I can hit the slow end of all of these pace ranges now which means that my goal is realistic with proper training. Could I run a 3:05 or faster right now simply because I am in the slower end of the training zones? Probably not. With proper training I would expect to see myself hitting the middle end of the range during the middle of my training cycle and the lower/faster end by the end of the cycle.

I think it’s important to note that throughout the training cycle you should be looking at your paces and determining if your goal is still realistic. Life can get in the way of running, or an injury might sideline you for a little. This may mean that a goal that seemed good at the beginning of the summer is no longer and you may need to adjust to a slower more realistic goal.

Training too fast for what you are capable of that cycle does not do you any favors. In fact most often it’s is the opposite – you will arrive to the start line – burnt out and likely won’t hit your goal.

It is also a good idea if you can fit in races during training to plug those into the calculator and see if the races align with what your goals are. Keeping in mind what your strongest distances is. If you are always faster at shorter distances and can rarely hit what the predicted marathon time is based on your 5K performance – the keep that in mind when picking a goal. If you find that your shorter distances don’t predict as fast as you can run in the marathon – also keep that in mind.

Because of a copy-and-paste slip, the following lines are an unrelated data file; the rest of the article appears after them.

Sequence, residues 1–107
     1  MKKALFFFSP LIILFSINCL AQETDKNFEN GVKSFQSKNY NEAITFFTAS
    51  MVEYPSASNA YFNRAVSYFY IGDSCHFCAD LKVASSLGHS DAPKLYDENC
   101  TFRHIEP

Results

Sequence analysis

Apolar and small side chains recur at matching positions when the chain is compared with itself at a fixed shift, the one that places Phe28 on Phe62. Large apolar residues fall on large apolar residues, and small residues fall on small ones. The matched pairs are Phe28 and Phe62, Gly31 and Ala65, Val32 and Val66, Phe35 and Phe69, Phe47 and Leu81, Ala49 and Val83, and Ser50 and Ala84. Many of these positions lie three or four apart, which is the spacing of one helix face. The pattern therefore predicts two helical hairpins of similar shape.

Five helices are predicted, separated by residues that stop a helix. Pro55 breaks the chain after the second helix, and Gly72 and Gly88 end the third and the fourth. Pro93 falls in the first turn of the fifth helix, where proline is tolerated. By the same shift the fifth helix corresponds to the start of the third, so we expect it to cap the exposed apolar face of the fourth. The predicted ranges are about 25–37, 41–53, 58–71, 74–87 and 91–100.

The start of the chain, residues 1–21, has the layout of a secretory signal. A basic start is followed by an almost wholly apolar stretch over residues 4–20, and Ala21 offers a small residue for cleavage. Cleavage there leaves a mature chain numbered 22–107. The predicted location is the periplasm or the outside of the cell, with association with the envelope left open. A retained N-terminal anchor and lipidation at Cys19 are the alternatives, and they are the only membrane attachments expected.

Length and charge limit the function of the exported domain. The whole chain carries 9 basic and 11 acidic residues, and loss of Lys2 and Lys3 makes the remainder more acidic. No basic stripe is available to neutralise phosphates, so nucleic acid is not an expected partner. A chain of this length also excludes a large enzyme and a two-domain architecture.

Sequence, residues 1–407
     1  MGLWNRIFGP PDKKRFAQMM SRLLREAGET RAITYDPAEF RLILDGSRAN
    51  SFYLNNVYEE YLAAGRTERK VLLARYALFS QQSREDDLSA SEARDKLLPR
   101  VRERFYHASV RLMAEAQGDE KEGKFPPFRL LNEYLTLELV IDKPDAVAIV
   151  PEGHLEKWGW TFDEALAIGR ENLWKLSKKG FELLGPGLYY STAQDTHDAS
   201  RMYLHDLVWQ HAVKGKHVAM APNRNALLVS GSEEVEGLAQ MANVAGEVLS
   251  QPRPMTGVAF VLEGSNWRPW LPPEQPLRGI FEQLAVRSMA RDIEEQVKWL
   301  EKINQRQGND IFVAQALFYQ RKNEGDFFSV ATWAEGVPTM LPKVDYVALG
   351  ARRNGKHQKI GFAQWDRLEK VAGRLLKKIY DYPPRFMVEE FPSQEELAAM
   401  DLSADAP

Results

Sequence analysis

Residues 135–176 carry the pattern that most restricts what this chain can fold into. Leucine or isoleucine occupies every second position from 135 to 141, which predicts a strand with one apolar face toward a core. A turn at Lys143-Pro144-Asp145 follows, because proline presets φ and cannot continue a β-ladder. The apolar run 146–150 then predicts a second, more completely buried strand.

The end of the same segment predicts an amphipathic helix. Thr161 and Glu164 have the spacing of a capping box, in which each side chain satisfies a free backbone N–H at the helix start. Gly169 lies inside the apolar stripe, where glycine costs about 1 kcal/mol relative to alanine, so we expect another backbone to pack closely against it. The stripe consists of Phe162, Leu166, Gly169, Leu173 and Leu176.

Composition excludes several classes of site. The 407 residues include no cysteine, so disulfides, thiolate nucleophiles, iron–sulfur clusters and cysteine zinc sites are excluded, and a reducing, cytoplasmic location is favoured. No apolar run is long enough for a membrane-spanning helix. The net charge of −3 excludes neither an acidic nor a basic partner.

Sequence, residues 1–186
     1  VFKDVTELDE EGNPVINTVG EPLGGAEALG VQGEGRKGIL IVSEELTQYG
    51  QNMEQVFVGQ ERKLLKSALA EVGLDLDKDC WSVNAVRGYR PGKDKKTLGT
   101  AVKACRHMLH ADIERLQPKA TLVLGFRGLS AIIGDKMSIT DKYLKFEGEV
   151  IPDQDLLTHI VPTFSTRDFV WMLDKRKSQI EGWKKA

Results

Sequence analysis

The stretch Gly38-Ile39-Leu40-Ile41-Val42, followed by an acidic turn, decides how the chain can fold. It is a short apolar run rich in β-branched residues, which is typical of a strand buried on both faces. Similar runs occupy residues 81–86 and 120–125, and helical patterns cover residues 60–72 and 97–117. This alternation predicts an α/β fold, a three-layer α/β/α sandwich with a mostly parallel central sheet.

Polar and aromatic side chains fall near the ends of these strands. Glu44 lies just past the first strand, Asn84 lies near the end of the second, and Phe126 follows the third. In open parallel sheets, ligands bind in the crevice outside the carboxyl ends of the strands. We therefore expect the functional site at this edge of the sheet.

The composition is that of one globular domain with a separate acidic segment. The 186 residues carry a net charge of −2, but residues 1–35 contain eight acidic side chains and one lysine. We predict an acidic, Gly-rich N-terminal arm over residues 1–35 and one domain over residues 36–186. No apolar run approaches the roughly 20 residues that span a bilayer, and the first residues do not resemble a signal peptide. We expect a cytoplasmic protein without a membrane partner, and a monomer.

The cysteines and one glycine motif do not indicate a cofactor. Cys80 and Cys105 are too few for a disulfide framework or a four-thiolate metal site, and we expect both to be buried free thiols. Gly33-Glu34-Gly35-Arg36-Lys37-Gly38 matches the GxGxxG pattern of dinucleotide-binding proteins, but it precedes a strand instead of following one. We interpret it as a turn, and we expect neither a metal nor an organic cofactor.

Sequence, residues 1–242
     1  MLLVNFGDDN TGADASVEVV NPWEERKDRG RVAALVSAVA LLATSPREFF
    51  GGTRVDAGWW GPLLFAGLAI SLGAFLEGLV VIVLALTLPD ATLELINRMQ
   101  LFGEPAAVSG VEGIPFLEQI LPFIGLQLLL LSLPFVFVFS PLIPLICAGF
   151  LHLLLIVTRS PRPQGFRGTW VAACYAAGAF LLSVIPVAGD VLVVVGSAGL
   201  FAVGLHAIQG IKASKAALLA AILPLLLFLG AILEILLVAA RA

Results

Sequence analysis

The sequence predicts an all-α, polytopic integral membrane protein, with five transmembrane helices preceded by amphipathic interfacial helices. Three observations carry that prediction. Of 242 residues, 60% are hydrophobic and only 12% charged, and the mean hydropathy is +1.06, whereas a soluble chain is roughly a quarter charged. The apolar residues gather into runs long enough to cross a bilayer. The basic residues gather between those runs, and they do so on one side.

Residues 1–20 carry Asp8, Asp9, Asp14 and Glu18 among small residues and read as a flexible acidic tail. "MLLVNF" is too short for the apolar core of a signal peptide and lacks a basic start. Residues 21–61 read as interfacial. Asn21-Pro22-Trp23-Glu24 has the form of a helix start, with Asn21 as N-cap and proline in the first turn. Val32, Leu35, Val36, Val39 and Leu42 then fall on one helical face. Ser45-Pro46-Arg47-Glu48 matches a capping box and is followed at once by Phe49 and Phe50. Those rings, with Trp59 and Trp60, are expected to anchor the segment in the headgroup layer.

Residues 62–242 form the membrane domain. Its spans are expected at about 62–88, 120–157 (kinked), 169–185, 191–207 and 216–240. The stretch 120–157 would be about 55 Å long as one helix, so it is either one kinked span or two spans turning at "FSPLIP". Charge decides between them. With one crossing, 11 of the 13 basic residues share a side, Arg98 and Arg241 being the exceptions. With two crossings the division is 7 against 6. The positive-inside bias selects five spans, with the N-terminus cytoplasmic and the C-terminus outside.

There is no one fool proof way to coming up with a realistic goal time for the marathon. You need to listen to your body – analyze yourself and your strengths and be in tune with what you are doing throughout the training cycle.

Also remember as Celia pointed out that predicted paces also rely on the fact that you are doing the training. If you don’t train properly for a marathon it doesn’t matter what your 5K or 10K time predicts – it’s going to be a rough 26.2 miles for you that ultimately will most likely not end in the goal time you thought it would.

Do the work. Respect the distance. Listen to your body.

 

Questions? Thoughts? How do you come up with your goal times for your races?

 

Comments

  1. Honestly I just pick a few minutes faster than what I ran last marathon :) I also ALWAYS run a half about a month before my full to get an idea of where my fitness is at. You’ve given me some helpful ideas! I love the McMillan calculator too. It really is a valuable tool for distance runners. Thanks for the advice!

  2. Great points about being smart and probably most importantly for me…planning your paces for different worksouts!

  3. “How Do You Figure Out A Realistic Goal Time For A Marathon?”

    Faster than last time!!!

  4. Thank you for the tips! I’m definitely going to employ some of these when I start training for the Philly Marathon. And, this time, I’m going to follow a stricter plan to make sure I nail my training runs. :)